As discussed previously, UV treatment of full-grown oocytes ventralizes the embryos derived from them. This implies that the dorsalizing factors may be located in the vegetal cortex in the oocytes, where they presumably persist until after fertilization when they becomes localized to the dorsal-vegetal cortical region. To test for the presence of the dorsal determinants in unfertilized eggs, cytoplasmic transfers were conducted. As shown in Table 1, 36% of recipients formed a secondary axis. No other region of the egg was capable of producing this effect.

The evidence is strong that dorsal determinants exist. Obviously, their identification is an important goal. An important clue to their identities came from experiments demonstrating that injections of Wnt mRNA will cause duplication of the Xenopus embryonic axis (McMahon and Moon, 1989; Smith and Harland, 1991; Sokol et al., 1991). These observations have led to extensive investigations into the dorsalizing process in Xenopus.

Learning Objectives

  • How is formation of the gray crescent related to bilateralization of the embryo?
  • What role does the cytoskeleton play in this process?
  • How were the roles of the dorsal vegetal cells in development demonstrated ?
  • What is the Nieuwkoop center?
  • How can UV-irradiated fertilized eggs be rescued?
  • How can embryos derived from UV treatment of vegetal hemispheres of full-grown oocytes be rescued?
  • What is the evidence that dorsalizing factors exist?

Digging Deeper:

Recent Literature

Kageura, H. 1997. Activation of dorsal development by contact between the cortical dorsal determinant and the equatorial core cytoplasm in eggs of Xenopus laevis. Development 124: 1543-1551.

Logan, C.Y. and McClay, D.R. 1997. The allocation of early blastomeres to the ectoderm and endoderm is variable in the sea urchin embryo. Develop. Biol. 124: 2213-2223.

Links to Related Material

The dorsalizing process in Xenopus.


Ancel, P. and P. Vintemberger. 1948. Recherches sur le déterminisme des la symetrie bilaterale dans l'oeuf des amphibiens. Bull. Biol. Fr. Belg. 31 (Suppl.): 1-182.

Browder, L.W., C. A. Erickson and W.R. Jeffery. 1991. Developmental Biology. Third Edition. Saunders College Publishing. Philadelphia.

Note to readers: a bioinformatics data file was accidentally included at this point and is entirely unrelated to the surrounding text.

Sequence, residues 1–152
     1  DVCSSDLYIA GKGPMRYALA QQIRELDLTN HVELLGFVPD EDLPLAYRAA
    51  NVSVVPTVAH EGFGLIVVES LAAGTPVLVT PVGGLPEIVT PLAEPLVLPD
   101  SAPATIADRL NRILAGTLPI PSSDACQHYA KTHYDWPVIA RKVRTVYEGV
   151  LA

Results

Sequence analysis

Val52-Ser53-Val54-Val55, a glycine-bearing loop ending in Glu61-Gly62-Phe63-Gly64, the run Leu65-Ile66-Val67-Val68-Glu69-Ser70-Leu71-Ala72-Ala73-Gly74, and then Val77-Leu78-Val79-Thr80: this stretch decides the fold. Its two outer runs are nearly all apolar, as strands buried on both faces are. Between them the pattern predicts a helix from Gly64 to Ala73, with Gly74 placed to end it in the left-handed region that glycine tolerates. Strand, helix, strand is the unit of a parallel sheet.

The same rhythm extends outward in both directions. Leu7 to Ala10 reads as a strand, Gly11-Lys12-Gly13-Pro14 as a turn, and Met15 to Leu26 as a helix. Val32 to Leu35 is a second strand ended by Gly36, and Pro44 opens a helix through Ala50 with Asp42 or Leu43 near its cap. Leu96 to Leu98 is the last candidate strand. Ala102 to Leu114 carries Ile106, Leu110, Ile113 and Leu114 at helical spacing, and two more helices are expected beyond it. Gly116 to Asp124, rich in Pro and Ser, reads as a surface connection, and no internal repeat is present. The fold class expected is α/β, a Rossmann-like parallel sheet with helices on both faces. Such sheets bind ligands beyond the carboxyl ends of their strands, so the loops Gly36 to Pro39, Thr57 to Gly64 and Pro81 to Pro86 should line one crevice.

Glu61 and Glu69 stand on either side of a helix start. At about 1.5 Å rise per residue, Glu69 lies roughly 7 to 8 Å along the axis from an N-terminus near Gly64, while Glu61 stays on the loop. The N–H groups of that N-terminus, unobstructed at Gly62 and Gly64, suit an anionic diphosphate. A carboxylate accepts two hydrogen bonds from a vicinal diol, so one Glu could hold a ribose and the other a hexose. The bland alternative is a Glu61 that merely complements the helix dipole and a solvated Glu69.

Elinson, R.P. and P. Pasceri. 1989. Two UV-sensitive targets in dorsoanterior specification of frog embryos. Development 106: 511-518.

Gilbert, S.F. 1997. Developmental Biology. Fifth Edition. Sinauer. Sunderland, MA.

Holawacz, T. and R.P. Elinson. 1993. Cortical cytoplasm, which induces dorsal axis formation in Xenopus, is inactivated by UV irradiation of the oocyte. Development 119: 277-285.

Holwill, S., J. Heasman, C.R. Crawley, and C.C. Wylie. 1987. Axis and germ line deficiencies caused by UV-irradiation of Xenopus oocytes cultured in vitro. Development 100: 735-743.

Houliston, E. and R.P. Elinson. 1991. Patterns of microtubule polymerization relating to cortical rotation in Xenopus laevis eggs. Development 112: 107-117.

Kalthoff, K. 1996. Analysis of Biological Development. McGraw-Hill. New York.

Kao, K.R. and R.P. Elinson. 1988. The entire mesodermal mantle behaves as Spemann's organizer in dorsoanterior enhanced Xenopus laevis embryos. Dev. Biol. 127: 64-77.

Larabell, C.A., Rowning, B.A., Wells, J., Wu, M. and Gerhart, J.C. 1996. Confocal microscopy analysis of living Xenopus eggs and the mechanism of cortical rotation. Development 122: 1281-1289.

McMahon, A.P. and Moon, R.T. 1989. Ectopic expression of the proto-oncogene int-1 in Xenopus embryos leads to duplication of the embryonic axis. Cell 58: 1075-1084.

Scharf, S.R. and J.C. Gerhart. Determination of the dorso-ventral axis in eggs of Xenopus laevis: complete rescue of UV-impaired eggs by oblique orientation before first cleavage. Dev. Biol. 79: 181-198.

Shostak, S. 1991. Embryology. An Introduction to Developmental Biology. HarperCollins. New York.

Slack, J. 1994. Inducing factors in Xenopus early embryos. Curr. Biol. 4: 116-126.

Smith, W.C. and Harland, R.M. 1991. Injected Xwnt-8 RNA acts early in Xenopus embryos to promote formation of a vegetal dorsalizing center. Cell 67: 753-765.

Sokol, S., Christian, J.L., Moon, R.T. and D.A. Melton. 1991. Injected wnt RNA induces a complete body axis in Xenopus embryos. Cell 67: 741-752.

Sudarwati, S. and P.D. Nieuwkoop. 1971. Mesoderm formation in the anuran Xenopus laevis (Daudin). W. Roux' Arch. 166: 189-204.

Vincent, J.-P. and J.C. Gerhart, 1987. Subcortical rotation in Xenopus eggs: an early step in embryonic axis specification. Dev. Biol. 123: 526-539.

Vincent, J.-P., G.F. Oster and J.C. Gerhart. 1986. Kinematics of grey crescent formation in Xenopus eggs: the displacement of subcortical cytoplasm relative to the egg surface. Dev. Biol. 113: 484-500

Wolpert, L., Beddington, R., Brockes, J., Jessell, T., Lawrence, P. and Meyerowitz, E. 1998. Principles of Development. Current Biology. London.

Dynamic Development at a Glance
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Dynamic Development is a Virtual Embryo learning resource

This material may be reproduced for educational purposes only provided credit is given to the original source.
Leon Browder & Laurie Iten (Ed.) Dynamic Development
Last revised Wednesday, June 24, 1998